Allahpundit was hard at work until two in the morning keeping you updated on the news as it broke, so if you happened to miss that, be sure to check it out for links to most of the early resources. Some more details are beginning to filter out on the death of bin Laden, with reactions coming in from around the world. But one of the more telling responses I heard this morning came from, of all people, Peggy Noonan appearing on NBC. She said, “All other factors aside, a real monster has been removed from the face of the Earth. It’s a damn good day.”
Even though Allahpundit had the video last night, here are the prepared remarks as delivered by the President last night. I’m normally the type of curmudgeon who would grouse about being kept up an extra hour past when the White House said he would address the nation, but for news like this I think I’ll give them a pass on the delay.
By way of a teaser, Ed Morrissey checked in with me and let me know that his normal column for The Week was pulled at the last minute when the editors asked him to prepare a special one on the death of OBL. When that becomes available we’ll have a summary and link for you here at Hot Air, so stay tuned.
One of the more interesting aspects of the story which has emerged overnight is precisely how long this took, when and where it started, and who was responsible. Rather than wasting our time trying to pat one administration or the other on the back, it turns out that our intelligence agents have been following the thinnest trail of bread crumbs dating back to the Bush administration in 2007. And it all began with knowing the nickname (not even the real name) of a courier who might have been running errands for the madman.
After the terror attacks of Sept. 11, 2001, “detainees gave us information on couriers. One courier in particular had our constant attention. Detainees gave us his nom de guerre, his pseudonym, and also identified this man as one of the few couriers trusted by bin Laden.”
In 2007, the U.S. learned the man’s name.
In 2009, “we identified areas in Pakistan where the courier and his brother operated. They were very careful, reinforcing belief we were on the right track.”
In August 2010, “we found their home in Abbottabad,” not in a cave, not right along the Afghanistan border, but in an affluent suburb less than 40 miles from the capital.
In the end, it was US Navy Seals who got the job done, and they were in and out without the Pakistani government even knowing we were coming. As an old sailor myself, let me just offer up a salute and say, well done, boys. The story brings up two different aspects of my reaction which pick up on what Allahpundit was discussing last night. First, while I join the rest of the nation in celebrating, I too felt kind of strangely quiet when the news broke. It was almost anticlimactic. It’s what I wanted, and yet his death still doesn’t undo all the damage he wrought in his life and it’s not going to stop his followers. It’s a symbolic, great win for our team, but it’s not the end of the war by a long shot.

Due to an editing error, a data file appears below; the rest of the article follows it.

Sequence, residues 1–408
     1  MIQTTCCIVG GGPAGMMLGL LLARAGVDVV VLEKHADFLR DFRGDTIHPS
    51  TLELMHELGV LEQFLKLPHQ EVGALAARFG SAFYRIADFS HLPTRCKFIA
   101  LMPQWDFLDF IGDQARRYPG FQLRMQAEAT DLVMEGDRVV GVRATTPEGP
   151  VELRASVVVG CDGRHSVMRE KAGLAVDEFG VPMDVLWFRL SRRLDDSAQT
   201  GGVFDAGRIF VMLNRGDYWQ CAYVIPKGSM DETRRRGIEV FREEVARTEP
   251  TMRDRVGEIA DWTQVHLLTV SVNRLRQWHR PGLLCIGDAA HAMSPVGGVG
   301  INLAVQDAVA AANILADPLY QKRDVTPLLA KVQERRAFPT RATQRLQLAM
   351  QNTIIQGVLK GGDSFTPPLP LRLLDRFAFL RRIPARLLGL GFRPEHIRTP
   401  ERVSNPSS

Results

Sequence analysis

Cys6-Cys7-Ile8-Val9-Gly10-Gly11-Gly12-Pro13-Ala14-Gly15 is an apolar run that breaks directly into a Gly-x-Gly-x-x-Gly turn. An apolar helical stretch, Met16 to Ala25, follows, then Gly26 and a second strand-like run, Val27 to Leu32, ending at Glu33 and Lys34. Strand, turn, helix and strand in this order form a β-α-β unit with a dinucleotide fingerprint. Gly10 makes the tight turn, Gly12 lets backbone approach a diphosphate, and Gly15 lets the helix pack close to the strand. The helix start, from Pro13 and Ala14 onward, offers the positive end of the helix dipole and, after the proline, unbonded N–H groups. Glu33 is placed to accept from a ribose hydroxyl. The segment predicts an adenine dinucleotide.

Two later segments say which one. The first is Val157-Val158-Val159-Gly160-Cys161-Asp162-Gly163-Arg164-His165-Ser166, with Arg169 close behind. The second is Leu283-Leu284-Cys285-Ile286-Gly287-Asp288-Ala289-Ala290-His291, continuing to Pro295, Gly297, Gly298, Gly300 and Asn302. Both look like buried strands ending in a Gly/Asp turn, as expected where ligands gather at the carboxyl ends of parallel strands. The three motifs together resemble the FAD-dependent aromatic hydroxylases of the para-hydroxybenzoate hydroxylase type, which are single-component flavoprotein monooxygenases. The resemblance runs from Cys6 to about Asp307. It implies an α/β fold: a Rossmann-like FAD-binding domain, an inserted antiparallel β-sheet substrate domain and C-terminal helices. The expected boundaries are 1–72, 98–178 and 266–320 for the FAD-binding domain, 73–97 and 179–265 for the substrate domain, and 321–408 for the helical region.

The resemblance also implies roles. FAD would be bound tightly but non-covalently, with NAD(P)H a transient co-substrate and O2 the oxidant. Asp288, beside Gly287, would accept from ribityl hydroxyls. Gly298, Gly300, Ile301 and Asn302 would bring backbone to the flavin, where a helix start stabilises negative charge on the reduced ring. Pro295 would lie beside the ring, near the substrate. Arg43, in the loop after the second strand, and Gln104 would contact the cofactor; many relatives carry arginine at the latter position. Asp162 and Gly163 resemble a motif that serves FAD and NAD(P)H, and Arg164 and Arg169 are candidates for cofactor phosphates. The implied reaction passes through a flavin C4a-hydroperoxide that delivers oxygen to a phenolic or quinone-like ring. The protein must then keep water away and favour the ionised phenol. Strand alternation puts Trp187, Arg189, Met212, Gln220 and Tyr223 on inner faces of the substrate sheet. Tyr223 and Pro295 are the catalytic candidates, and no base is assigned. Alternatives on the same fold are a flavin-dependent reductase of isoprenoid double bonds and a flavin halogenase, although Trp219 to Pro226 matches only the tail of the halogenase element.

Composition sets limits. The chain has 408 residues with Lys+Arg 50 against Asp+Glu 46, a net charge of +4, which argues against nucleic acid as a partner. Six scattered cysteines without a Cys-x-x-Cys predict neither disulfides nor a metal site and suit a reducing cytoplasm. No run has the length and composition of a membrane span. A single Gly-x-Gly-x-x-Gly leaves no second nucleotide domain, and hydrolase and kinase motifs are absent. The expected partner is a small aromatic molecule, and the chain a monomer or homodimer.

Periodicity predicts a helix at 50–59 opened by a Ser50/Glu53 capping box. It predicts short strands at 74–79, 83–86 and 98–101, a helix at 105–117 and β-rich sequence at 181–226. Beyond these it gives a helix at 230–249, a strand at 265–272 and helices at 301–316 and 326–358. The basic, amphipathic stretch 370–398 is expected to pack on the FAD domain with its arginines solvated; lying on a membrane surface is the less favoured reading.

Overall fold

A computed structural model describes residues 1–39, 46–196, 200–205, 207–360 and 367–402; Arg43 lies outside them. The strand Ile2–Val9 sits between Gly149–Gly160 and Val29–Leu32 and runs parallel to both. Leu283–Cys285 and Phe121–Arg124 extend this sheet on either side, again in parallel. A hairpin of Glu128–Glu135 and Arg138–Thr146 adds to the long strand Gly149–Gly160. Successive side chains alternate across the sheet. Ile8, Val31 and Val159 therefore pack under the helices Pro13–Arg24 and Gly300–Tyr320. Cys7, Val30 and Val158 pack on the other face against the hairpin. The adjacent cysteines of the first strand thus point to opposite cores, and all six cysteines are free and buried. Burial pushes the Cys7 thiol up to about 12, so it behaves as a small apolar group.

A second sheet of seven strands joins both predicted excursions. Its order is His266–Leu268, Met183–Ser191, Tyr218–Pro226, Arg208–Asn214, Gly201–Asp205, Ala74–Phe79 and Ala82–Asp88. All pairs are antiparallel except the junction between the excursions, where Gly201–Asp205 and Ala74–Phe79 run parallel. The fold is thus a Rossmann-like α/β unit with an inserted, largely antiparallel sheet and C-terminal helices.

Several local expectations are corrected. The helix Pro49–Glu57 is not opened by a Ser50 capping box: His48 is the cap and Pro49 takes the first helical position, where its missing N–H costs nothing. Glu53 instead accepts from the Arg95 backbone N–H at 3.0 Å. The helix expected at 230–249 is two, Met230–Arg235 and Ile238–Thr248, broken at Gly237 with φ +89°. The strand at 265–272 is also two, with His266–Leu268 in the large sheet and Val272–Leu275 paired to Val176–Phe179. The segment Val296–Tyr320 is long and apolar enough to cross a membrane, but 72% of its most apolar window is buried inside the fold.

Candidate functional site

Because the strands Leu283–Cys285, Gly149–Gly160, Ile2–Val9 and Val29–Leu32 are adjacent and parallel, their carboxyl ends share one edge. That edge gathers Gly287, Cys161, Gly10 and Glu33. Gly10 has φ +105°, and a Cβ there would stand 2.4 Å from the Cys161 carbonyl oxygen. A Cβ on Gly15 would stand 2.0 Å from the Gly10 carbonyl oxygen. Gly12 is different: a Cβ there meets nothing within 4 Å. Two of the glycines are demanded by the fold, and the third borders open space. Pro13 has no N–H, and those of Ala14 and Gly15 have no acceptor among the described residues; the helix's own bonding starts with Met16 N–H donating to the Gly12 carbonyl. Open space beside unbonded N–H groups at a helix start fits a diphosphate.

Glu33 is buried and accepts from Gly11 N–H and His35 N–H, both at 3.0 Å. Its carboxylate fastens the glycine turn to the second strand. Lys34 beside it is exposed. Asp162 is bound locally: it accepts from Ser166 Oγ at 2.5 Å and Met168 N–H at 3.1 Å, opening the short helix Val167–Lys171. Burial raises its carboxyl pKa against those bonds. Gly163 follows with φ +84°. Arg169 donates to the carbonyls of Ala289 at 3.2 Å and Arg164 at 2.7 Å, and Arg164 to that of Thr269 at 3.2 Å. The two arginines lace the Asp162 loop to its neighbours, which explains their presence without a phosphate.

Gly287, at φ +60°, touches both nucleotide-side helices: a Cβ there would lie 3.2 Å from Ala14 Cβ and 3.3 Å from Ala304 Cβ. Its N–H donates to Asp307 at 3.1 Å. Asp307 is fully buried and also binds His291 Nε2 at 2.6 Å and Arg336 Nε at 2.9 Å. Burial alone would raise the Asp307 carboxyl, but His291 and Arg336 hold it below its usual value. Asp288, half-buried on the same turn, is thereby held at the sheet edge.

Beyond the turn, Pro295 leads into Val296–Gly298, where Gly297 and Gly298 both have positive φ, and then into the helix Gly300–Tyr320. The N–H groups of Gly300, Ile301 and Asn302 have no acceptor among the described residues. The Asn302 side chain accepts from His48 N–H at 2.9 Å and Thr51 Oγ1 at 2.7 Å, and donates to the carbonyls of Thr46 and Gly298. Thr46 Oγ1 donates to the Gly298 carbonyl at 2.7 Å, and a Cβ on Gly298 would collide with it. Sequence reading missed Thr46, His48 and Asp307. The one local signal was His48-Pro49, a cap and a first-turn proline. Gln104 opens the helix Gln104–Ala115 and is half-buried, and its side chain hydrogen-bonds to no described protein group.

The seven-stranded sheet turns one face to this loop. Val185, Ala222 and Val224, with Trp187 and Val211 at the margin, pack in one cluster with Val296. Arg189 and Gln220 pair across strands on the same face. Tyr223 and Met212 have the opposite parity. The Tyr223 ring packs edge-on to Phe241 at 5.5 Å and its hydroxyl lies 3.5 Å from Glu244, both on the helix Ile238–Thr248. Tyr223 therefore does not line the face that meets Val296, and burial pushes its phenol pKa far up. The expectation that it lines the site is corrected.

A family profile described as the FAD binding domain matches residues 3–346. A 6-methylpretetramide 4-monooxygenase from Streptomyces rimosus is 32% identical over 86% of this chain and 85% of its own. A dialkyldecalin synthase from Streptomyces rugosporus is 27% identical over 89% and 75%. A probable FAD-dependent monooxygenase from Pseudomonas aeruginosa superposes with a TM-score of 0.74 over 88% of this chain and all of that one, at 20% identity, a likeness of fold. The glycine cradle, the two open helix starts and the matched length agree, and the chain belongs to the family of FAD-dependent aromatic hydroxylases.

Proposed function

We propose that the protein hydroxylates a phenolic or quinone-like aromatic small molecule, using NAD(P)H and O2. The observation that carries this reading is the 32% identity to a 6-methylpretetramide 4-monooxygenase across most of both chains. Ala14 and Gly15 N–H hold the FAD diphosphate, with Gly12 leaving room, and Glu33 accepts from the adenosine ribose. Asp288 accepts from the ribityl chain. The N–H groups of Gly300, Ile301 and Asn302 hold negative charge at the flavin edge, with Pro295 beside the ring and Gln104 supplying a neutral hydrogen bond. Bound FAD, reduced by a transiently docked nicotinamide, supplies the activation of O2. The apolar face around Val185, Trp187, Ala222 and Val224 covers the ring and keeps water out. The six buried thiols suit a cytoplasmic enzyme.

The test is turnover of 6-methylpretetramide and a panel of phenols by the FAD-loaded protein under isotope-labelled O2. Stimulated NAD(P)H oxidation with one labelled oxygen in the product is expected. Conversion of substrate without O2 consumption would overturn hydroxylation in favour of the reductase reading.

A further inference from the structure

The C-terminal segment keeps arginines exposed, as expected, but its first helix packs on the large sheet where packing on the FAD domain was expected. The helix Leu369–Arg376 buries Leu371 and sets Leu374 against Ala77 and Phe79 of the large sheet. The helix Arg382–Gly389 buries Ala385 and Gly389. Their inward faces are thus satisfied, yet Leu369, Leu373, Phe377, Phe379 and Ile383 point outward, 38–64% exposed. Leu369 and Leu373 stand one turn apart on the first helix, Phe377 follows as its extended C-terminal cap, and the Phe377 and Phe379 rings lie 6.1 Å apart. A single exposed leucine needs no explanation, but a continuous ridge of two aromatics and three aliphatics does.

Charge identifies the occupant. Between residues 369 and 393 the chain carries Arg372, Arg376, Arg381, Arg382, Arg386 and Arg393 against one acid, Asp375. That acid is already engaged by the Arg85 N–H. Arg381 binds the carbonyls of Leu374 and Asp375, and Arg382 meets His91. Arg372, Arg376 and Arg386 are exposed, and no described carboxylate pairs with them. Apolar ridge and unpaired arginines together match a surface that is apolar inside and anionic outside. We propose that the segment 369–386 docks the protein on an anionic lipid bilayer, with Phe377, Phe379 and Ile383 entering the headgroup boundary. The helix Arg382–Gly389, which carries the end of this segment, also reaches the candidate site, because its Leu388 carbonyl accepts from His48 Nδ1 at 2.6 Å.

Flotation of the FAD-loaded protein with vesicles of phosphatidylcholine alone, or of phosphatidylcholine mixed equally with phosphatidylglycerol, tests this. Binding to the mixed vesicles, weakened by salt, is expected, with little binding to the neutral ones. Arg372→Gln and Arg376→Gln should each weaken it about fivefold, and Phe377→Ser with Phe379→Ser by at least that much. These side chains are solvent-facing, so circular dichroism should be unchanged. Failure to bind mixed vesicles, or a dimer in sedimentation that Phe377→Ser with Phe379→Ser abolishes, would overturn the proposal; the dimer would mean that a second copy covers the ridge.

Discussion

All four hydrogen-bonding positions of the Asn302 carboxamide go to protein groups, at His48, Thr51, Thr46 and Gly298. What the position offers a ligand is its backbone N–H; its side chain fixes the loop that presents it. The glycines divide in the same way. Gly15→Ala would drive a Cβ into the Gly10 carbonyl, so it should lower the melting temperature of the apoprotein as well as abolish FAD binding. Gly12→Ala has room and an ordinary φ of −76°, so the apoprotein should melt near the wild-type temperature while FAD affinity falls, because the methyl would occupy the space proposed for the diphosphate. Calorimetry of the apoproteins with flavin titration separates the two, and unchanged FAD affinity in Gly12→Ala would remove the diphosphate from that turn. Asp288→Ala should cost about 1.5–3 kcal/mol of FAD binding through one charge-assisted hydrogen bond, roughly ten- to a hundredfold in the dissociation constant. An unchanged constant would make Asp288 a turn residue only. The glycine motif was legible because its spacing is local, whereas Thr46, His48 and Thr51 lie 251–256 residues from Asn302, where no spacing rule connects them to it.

Finally, it does represent a rare moment in American society, in that you rarely see this kind of celebration over someone dying. As a people we’re simply not built that way, and we tend to react more solemnly to the passing of anyone. But in this rare case, we had identified a monster so horrendous, so very far removed from anything most of us would recognize as being “human” that people from all quarters were ready to hoist up a cold one and toast the fact that this maniac was on his way to hell at last.
Further, as carefully as some people seem to be treading around the question, I think our “allies” in Pakistan are still going to have a lot of uncomfortable questions to answer when the dust settles. But I’ll leave it to wiser heads than mine to delve into those details as the tale plays out.
Food for thought. Look for more updates to this post throughout the day if we get more details or responses of interest.
UPDATE: Over at Pajamas Media, more indications that the intel came out of Gitmo.
UPDATE 2: Why did the US act alone? They really had no choice.
“Going forward, it is essential that Pakistan continue to join us in the fight against Al Qaeda and its affiliates,” said Obama. But for its own geopolitical—and purely political—reasons Pakistan is likely to continue being as much part of the problem as part of the solution. At least after the Abbottabad shootout, it’s clear the administration isn’t kidding itself. When it got a shot at Bin Laden, it took it. No dithering. No dilatory diplomacy. Secrecy was maintained. The Pakistanis were cut out. And justice was done.
As we said… more questions for Pakistan to come.